No charity: The success of the 19th child

JESSICA NGBOR | 11/30/2015, 12:59 a.m.
“The words that I chose were positive and it changed the direction of my life, and that’s what a lot ...
Paul Hunter poses after receiving the 2015 Breaktrhough Award from Equanimity.

The Dallas Examiner

“The words that I chose were positive and it changed the direction of my life, and that’s what a lot of young people need to do. They need to change their negative thoughts to positive thoughts if they want to get out of any difficult situation,” said Paul Lamar Hunter as he looked back over the highs and lows of his childhood.

Paul, who was recently in town to receive a 2015 Breakthrough Award from Equanimity, is a motivational speaker and life coach who tours the country to talk to youth about overcoming obstacles in order to achieve their goals. He uses his life story as an example of how one’s past doesn’t have to determine their future. His story is also reflected in his memoir, No Love, No Charity: the Success of the 19th Child.

Paul was born Oct. 16, 1970, in Racine, Wisconsin. He was the 19th child out of 21 children born to James Senior and Louise Hunter.

“The best memory I had as a child was when we use to go to church as a family and then come home and eat a big family meal. That’s how it was on Sundays in the Hunter family house,” he explained.

Paul described his parents as very loving toward each other. As parents, he said his father was very affectionate, loving and kind. However, he remembered his mother as the complete opposite, stating she never gave them hugs and would constantly put them down.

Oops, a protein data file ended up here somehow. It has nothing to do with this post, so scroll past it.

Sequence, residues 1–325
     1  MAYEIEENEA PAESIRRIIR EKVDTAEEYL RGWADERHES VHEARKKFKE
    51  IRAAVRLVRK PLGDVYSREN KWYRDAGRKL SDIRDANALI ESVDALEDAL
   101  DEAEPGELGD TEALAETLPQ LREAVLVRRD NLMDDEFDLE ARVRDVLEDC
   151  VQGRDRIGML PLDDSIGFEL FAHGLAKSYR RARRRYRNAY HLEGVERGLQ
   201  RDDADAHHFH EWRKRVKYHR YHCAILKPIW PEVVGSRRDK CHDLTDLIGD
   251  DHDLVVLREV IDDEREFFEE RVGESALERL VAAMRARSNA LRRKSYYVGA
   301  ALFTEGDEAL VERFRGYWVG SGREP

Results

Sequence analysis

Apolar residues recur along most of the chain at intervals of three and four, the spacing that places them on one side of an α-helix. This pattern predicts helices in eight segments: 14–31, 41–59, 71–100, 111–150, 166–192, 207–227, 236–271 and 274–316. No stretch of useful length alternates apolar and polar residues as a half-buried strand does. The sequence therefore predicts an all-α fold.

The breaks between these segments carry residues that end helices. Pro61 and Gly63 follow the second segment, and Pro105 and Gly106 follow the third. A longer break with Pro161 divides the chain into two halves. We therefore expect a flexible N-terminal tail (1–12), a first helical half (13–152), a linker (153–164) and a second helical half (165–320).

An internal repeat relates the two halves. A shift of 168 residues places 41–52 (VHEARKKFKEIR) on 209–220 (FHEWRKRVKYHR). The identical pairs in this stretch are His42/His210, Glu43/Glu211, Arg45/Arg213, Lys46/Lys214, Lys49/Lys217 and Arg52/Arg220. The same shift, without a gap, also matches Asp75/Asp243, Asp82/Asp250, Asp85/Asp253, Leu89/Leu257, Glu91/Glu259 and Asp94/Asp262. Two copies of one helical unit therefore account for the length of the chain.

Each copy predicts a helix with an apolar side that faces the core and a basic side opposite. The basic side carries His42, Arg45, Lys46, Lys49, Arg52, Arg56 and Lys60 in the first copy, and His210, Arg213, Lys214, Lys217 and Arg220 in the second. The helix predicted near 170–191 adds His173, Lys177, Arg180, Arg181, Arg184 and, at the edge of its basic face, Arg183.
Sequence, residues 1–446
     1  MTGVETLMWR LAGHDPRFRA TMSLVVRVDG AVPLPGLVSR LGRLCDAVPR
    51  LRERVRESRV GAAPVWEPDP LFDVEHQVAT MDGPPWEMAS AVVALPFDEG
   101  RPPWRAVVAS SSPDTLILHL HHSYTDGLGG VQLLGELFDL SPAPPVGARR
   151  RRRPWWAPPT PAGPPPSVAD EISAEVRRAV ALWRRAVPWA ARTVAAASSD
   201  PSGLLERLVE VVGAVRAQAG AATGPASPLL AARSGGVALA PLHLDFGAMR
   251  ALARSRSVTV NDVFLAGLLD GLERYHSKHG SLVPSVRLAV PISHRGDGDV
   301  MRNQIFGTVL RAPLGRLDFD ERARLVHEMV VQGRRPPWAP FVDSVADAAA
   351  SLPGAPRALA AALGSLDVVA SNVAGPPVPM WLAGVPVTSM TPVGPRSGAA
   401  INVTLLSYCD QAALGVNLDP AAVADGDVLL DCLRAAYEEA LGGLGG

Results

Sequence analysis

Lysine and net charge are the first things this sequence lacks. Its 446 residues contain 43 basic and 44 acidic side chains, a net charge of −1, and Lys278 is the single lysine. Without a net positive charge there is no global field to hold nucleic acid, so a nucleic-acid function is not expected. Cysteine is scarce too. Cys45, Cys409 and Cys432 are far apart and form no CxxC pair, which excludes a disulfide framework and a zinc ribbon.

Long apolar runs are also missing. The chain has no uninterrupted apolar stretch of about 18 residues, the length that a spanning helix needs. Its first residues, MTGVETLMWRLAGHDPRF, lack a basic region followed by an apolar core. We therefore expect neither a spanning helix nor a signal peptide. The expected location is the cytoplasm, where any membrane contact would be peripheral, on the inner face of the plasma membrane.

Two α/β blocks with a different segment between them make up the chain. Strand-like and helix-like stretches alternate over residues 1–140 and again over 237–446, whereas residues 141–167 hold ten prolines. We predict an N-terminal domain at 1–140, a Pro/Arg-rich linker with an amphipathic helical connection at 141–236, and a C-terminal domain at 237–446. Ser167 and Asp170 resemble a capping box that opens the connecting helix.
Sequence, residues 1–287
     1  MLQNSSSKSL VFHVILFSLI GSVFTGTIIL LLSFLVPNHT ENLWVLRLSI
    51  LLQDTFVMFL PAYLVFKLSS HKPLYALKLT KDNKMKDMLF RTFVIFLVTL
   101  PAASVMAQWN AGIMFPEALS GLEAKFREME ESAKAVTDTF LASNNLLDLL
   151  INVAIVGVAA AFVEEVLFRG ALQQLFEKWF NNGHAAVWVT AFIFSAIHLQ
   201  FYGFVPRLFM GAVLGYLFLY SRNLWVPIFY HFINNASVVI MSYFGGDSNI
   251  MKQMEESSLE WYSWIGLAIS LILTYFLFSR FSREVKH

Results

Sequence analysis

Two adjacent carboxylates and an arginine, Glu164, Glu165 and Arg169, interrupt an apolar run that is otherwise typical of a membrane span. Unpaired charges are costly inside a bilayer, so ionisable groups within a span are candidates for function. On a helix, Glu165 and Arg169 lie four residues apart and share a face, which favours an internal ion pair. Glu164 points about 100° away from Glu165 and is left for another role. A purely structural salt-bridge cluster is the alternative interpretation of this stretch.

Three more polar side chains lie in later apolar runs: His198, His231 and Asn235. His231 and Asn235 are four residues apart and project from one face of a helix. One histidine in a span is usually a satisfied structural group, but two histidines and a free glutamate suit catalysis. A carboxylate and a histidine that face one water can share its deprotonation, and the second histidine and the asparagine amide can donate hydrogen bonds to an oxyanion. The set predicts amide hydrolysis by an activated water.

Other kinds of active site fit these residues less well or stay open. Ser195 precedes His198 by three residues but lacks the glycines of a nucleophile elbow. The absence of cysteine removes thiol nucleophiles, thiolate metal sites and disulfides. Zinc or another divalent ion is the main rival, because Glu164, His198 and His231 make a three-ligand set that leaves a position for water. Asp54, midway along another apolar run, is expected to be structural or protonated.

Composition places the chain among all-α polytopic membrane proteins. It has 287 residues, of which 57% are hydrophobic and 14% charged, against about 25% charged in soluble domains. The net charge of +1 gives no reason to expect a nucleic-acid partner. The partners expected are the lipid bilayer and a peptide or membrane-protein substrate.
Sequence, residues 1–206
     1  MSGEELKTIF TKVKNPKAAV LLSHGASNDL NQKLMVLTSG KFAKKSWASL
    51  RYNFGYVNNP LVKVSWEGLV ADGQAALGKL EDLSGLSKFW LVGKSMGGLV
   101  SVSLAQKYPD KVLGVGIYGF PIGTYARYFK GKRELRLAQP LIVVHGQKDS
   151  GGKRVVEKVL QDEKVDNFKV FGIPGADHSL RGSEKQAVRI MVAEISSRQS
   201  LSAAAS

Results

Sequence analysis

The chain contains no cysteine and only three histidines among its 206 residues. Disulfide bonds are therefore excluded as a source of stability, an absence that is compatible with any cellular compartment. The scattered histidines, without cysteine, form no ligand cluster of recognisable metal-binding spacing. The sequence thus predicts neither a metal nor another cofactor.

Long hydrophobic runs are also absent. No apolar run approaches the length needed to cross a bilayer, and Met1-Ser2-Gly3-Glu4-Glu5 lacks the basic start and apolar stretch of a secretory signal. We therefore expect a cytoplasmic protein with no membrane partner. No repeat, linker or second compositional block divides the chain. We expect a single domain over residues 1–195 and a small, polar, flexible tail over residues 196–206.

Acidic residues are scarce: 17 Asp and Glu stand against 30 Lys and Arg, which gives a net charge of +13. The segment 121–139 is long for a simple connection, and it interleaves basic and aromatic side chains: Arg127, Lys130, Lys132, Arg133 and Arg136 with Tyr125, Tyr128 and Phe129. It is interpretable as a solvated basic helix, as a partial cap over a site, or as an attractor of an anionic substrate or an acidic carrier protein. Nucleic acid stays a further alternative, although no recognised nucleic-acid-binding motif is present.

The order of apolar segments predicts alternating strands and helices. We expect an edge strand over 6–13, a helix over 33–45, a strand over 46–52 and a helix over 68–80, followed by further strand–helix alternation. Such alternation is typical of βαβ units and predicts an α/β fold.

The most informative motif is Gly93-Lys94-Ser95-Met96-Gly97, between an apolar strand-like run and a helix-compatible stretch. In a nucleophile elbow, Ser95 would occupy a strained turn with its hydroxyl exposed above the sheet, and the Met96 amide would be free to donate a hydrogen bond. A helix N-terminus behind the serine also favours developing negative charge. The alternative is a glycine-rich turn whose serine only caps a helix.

Regardless, the family was close and the older siblings often helped with the younger ones and housework.

When his mother was pregnant with her 14th child, his family lived in a two-bedroom home. But because they had too many people living in their home, a sheriff came one day to deliver a notice to vacate the home within 72 hours or they would be evicted.

“The next day, God had performed a miracle because somehow a guy at the church had heard about it and came over there the next day and took my parents to go look at this house. My mom and dad did not have the money to pay the man. So the man went into his wallet and gave my mom a dollar, so my mom paid a dollar for that house,” Paul said.

He was born in that house. He described the house as a blessing and a curse, because a few years later he lost one of his older brothers when the house burned down on the night of Feb. 27, 1976, due to an electrical issue.

He remembered being rescued from the second story by firemen and said they were able to get him and his brother downstairs, but flames were surrounding them and the firemen had to act fast. The men emptied two trashcans, placed each boy in one, and went out through a window.

“I’ll never forget he had said that I don’t think this kid is going to make it, referring to my brother Thomas, because at that particular time he was trying to revive him and he could not revive him, but he had a weak pulse,” he recalled.